Facing Fear and Calming Anxiety

Facing Fear and Calming Anxiety

“Laura Beth, come out of your feelings and get back with us!”

More than once over the past several weeks one of my new church friends has called me out that way as we started to gather. Usually it’s after he and his wife have called my name several times in an attempt to get my attention.

I’m not confessing or confirming anything here, but I will acknowledge that there may be a slight possibility that I will sometimes “zone out”, or as I put it “get lost in my own head”. I really do make a conscious effort to not let it happen in public, but occasionally my thoughts will still carry me away. It’s been especially true these last few days as I’ve done some mental gymnastics around some issues. What the issues are is not really important at the moment (at least to the subject of this post). What is important is that I often find myself dealing with fear and anxiety as a result of these lines of thinking.

There have been countless studies seeking to understand fear and anxiety. The studies have looked at everything from what happens in our bodies that triggers the emotions to the long term physical effects they might have to their historical purpose in the survival of our species. As I’ve watched myself live in way too much fear and anxiety over my lifetime, I’ve recognized these two truths about them: Fear is what I experience when I expect something to happen, but I don’t know that it is; anxiety is what I experience when I know what is going to happen, I just don’t know what impact it’s going to have.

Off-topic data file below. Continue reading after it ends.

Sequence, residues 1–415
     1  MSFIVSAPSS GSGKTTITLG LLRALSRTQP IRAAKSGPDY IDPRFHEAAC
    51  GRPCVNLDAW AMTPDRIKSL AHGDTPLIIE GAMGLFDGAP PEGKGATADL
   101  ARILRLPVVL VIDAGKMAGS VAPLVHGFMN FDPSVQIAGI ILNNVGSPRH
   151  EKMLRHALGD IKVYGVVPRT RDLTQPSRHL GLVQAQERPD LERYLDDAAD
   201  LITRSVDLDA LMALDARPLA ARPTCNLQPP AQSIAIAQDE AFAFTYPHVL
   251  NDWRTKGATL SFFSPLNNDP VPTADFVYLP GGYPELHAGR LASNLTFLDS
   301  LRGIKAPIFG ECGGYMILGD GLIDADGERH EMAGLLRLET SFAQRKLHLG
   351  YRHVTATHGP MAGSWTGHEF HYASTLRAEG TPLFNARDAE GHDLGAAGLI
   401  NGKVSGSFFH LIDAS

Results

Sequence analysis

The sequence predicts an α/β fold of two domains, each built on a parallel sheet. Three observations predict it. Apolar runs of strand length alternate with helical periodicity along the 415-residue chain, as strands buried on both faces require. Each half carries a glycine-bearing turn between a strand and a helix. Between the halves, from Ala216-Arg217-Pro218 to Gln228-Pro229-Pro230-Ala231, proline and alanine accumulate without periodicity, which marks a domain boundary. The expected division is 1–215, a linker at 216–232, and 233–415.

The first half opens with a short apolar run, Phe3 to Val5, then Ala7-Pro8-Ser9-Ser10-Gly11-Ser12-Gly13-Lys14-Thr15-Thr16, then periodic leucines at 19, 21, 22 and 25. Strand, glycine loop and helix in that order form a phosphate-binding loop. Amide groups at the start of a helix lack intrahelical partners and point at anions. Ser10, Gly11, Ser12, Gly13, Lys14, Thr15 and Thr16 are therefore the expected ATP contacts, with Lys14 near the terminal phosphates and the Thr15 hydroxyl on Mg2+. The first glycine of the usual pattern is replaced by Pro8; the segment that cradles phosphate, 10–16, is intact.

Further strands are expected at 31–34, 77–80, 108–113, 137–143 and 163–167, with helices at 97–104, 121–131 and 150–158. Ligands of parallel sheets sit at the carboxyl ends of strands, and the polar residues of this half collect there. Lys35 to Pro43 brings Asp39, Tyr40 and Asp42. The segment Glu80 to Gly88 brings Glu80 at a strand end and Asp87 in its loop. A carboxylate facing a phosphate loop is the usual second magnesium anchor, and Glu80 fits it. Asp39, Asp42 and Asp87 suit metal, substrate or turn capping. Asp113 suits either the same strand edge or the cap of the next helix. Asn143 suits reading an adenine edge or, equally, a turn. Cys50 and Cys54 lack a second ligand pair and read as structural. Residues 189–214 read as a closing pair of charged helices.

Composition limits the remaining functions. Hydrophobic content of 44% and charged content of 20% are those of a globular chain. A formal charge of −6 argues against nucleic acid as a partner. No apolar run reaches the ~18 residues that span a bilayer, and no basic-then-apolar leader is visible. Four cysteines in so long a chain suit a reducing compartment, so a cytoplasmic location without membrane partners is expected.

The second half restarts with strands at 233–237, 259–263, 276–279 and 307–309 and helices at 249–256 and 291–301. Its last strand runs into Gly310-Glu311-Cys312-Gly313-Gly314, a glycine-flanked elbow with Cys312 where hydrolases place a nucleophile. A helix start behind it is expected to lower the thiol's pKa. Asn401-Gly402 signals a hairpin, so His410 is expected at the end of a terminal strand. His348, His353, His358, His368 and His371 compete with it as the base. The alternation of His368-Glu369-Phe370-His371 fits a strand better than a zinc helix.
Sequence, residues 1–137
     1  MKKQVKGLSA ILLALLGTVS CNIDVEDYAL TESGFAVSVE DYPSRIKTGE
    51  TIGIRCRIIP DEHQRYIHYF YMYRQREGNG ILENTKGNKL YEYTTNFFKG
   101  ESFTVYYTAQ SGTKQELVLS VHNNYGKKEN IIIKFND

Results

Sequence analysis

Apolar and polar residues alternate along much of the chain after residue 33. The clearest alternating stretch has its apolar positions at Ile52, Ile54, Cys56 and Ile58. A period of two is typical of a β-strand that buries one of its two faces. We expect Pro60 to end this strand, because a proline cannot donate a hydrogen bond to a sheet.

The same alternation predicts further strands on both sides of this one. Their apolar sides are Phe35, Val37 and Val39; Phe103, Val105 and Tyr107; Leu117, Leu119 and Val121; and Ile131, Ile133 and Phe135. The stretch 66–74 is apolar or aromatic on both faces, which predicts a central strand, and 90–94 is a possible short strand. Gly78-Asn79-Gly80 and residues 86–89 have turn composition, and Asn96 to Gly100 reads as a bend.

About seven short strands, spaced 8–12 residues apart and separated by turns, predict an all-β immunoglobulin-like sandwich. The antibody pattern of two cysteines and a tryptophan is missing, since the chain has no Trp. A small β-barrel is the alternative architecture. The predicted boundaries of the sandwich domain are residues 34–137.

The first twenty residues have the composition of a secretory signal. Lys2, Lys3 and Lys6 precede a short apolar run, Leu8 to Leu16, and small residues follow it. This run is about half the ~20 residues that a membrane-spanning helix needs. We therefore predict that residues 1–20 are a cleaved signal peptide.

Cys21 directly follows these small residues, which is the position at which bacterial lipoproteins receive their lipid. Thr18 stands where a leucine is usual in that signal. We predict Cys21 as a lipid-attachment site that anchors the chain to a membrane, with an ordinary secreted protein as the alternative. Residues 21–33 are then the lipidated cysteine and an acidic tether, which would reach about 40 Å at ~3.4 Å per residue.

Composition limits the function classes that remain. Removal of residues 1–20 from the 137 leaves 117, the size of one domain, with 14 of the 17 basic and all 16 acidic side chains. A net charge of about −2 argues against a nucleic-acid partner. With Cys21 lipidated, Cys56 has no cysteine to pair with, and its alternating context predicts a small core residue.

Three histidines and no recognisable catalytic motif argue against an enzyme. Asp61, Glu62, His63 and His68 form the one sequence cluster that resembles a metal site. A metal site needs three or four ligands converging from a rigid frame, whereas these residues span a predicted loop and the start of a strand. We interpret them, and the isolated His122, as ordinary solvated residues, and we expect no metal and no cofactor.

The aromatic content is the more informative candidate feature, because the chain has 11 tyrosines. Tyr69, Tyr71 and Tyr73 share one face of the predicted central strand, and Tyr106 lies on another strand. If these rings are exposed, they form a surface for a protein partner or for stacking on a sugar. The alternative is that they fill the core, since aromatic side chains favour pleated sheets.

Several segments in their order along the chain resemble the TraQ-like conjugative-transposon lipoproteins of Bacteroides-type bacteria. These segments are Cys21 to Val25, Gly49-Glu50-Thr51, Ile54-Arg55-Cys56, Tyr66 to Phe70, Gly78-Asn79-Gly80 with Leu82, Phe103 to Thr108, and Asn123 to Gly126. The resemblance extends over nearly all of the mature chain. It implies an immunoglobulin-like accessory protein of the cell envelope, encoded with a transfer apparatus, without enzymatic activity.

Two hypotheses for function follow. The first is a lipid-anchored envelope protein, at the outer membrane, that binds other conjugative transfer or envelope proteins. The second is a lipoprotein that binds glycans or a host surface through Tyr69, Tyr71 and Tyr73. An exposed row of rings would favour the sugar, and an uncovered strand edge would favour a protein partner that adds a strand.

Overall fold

There is one consistent theme that covers both fear and anxiety as I experience them: I don’t know.

Has the “answer and knowledge” driven culture that I’ve grown up in set the stage for fearing what I can’t possibly know?

To make the not knowing more palatable, I’m recognizing that fear and anxiety…

  • …rarely happen in the hear and now, they focus on the past or the future.
  • …are not often the result of acting on my own behalf; they usually require me to think or respond on behalf of someone else as I think about the past or future.
  • …are not usually present in “the big picture”; life has an infinite number of variables, anxiety comes when I choose to focus on just a few.
  • …are not healthy thoughts (in this case). Positive actions are the results of healthy thoughts; fear and anxiety rarely if ever produce any productive or actionable results.

Here is another way to sum it up: I get fearful when I allow myself to dwell on things over which I have no control!

What I need right now is to get back to living one day at a time (today), making one decision at a time (no overthinking), managing one person at a time (me), and taking slow but sure and measured steps forward.

  

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